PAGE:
VANCOUVER — A series of lawsuits filed by children of the victims of serial killer Robert Pickton prompted the resignation of Steven Point, the former B.C. lieutenant governor appointed five months ago to implement recommendations from the public inquiry into the case.
The British Columbia government also warned its own work to fix the problems identified at the high-profile inquiry will also likely be hampered because of the lawsuit.
Point’s resignation drew an immediate rebuke from the B.C. Civil Liberties Association, the Union of B.C. Indian Chiefs, and the lawyer for the victims’ children who angrily rejected the suggestion that the lawsuits should have anything to do with Point’s position.
Point, who was appointed last December, said his resignation was prompted by the four lawsuits filed earlier this month by children of women whose remains or DNA were found on Pickton’s farm.
“Litigation has been commenced by certain family members of the victims of Pickton, and I have been served with documents that have put me on notice regarding this litigation,” Point wrote in a letter to Attorney General Shirley Bond, dated Friday.
Wally Oppal, a former judge and one-time attorney general, issued a report last December that found significant errors in how Vancouver police and the RCMP responded to reports of missing sex workers from Vancouver’s Downtown Eastside and blamed systemic bias against vulnerable women.
He made 63 recommendations, many focused on reforming police service in the province, as well as financial compensation for the children of missing women. The province asked Point to oversee the report’s implementation.
Earlier this month, the children of four women filed separate lawsuits against Pickton, his two siblings, the B.C. government and the City of Vancouver, seeking damages for the women’s deaths and the botched investigation that failed to prevent them. The province was named on behalf of the RCMP and the city was named on behalf of its police force.
Attorney General Shirley Bond released a statement Friday that said the “plaintiffs have put Mr. Point on notice” that his public comments could become evidence in the civil case. A ministry spokeswoman later clarified that the families sent Point a copy of the statements of claim, which he interpreted as having been “put on notice.”
A lawyer for the victims’ families, Jason Gratl, said they never suggested in any way that Point could be dragged into the civil case.
Although he didn’t want to be quoted, Gratl was clearly upset with what he perceived as an attempt to blame the children of the women for Point’s decision to resign.
Gratl confirmed he sent Point an email with copies of the lawsuits, but the email makes no mention of Point becoming a potential witness.
“I appreciate that neither of you are parties to the action,” Gratl wrote in an email to both Point and Oppal, dated May 8.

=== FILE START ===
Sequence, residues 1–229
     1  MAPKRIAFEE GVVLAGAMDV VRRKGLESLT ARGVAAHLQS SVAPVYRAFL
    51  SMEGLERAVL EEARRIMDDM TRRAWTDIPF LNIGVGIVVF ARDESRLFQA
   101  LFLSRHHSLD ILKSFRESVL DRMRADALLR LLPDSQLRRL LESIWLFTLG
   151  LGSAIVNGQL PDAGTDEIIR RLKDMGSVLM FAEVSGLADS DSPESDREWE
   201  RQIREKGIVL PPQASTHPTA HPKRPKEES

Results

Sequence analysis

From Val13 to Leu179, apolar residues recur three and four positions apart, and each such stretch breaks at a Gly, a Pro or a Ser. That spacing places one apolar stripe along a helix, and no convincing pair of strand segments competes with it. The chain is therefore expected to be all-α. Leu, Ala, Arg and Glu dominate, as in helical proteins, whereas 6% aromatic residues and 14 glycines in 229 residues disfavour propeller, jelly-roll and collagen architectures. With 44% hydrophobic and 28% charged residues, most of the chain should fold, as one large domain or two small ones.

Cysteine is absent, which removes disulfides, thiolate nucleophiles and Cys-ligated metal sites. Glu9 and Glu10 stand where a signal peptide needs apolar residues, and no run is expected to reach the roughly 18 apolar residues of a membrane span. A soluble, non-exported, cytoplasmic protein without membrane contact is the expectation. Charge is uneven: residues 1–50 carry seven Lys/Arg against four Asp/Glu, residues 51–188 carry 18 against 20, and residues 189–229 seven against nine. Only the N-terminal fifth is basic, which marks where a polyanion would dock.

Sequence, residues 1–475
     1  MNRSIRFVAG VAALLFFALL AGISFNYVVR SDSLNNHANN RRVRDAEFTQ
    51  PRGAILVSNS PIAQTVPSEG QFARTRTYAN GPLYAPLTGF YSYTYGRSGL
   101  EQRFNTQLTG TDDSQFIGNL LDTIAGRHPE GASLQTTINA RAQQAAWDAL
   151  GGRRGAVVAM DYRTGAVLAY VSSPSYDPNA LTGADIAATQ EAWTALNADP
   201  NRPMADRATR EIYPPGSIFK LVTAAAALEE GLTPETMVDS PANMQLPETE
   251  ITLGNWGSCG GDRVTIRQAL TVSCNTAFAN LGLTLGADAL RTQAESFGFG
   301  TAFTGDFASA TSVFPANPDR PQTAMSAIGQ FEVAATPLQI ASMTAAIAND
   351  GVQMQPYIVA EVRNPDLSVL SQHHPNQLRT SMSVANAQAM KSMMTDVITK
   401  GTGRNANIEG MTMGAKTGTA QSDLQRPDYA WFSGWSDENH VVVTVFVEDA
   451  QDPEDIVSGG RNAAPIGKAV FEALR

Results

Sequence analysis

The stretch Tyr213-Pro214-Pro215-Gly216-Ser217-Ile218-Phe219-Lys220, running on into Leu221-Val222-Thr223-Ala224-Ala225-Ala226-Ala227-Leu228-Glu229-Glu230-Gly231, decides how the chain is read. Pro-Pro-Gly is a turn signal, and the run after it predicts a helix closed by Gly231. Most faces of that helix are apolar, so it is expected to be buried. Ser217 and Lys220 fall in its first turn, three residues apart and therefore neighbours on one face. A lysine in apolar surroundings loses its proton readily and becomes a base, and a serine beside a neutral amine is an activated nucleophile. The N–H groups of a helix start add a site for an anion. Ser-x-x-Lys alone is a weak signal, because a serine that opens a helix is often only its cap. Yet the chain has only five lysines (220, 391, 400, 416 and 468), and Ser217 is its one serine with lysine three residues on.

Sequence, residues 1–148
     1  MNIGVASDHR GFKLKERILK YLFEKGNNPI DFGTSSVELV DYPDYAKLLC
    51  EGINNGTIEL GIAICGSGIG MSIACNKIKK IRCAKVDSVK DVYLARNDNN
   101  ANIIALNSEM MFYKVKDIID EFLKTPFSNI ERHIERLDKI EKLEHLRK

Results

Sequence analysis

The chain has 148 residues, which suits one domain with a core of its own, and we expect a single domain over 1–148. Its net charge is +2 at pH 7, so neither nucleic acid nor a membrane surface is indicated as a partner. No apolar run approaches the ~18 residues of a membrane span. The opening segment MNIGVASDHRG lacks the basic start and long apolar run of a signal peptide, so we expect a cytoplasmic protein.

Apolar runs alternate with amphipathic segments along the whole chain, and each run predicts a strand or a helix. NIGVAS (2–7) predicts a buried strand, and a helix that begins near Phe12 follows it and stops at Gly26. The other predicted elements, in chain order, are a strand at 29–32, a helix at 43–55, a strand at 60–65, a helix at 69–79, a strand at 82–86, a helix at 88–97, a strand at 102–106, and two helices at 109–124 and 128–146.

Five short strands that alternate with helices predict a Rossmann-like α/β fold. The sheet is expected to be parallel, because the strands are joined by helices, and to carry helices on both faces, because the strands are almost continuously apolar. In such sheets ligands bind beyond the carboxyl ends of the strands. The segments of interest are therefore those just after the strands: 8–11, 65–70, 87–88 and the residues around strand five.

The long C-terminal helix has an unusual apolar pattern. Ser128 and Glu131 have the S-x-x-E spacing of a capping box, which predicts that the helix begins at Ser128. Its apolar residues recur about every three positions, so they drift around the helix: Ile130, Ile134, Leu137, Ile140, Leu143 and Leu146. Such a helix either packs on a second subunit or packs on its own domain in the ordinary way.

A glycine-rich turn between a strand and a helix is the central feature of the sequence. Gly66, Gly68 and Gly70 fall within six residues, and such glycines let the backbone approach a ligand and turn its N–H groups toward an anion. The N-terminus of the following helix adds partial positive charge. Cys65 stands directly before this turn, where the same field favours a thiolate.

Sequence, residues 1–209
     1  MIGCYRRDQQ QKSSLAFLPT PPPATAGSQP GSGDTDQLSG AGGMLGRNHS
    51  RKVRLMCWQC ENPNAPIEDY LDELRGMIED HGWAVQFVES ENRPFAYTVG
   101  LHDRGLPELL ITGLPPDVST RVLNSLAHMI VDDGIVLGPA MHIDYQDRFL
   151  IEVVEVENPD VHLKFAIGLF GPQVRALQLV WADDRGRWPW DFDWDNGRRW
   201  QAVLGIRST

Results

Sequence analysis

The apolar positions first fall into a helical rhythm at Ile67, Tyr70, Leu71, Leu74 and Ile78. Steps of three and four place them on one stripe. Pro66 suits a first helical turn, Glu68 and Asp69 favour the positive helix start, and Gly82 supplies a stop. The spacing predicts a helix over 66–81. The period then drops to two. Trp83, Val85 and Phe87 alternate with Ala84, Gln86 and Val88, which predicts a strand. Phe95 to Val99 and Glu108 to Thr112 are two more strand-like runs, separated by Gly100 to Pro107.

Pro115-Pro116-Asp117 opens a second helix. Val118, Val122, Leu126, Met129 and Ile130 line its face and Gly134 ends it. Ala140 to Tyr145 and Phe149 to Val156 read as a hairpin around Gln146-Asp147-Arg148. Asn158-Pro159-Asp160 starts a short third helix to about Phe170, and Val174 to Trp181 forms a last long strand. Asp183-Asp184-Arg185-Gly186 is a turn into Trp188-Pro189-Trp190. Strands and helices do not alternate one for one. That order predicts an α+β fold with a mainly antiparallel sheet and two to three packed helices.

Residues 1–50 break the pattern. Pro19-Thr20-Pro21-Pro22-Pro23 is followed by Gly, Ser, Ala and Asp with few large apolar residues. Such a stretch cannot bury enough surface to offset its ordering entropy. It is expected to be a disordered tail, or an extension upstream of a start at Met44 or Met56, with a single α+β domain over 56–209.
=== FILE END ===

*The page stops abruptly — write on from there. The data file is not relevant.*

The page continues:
“But I thought you might be asked to comment on the claims at some point, and it might be of assistance to you if you had a chance to review them first,” the email stated.
Point, a former provincial court judge, could not be reached to further explain his resignation.
Bond also said the lawsuits could slow the province’s work to implement the report’s recommendations, though she did not explain why that would be the case or what specific work would be affected.
“Continuing to address the recommendations is very important to me personally and to our government, but we also need to ensure that as we do that we consider the impact of the litigation that is underway,” Bond said in a statement.
“That is exactly what we intend to do and move forward as soon as possible.”
The B.C. Civil Liberties Association and the Union of B.C. Indian Chiefs issued a joint news release criticizing Point’s resignation and the government’s suggestion that the lawsuits will prevent the province from implementing Oppal’s recommendations.
“It appears that the government is prepared to indefinitely stall or abandon this work,” Micheal Vonn, policy director of the civil liberties association, said in the news release.
“This is a terrible indicator of the state of the government’s commitment to women’s safety and equality. ”
Oppal, who spent months hearing evidence from police officers, sex workers, and the families of Pickton’s victims, said he was disappointed to hear about Point’s resignation.
“I know he was making progress on the report, because I met with him on a number of different occasions,” Oppal said in an interview Friday.
“Obviously, I am concerned because I wanted to see a speedy resolution as far as the recommendations of the report are concerned. ”
The lawsuits involve the daughters and sons of Dianne Rock, Sarah de Vries, Cynthia Feliks and Yvonne Boen. They were not among the six women Pickton was convicted of killing, but their remains or DNA were found on Pickton’s property following his arrest.
Pickton was arrested in February 2002 and eventually convicted of six counts of second-degree murder.
The remains or DNA of 33 women were found on Pickton’s property in Port Coquitlam. He once told an undercover police officer that he killed a total of 49.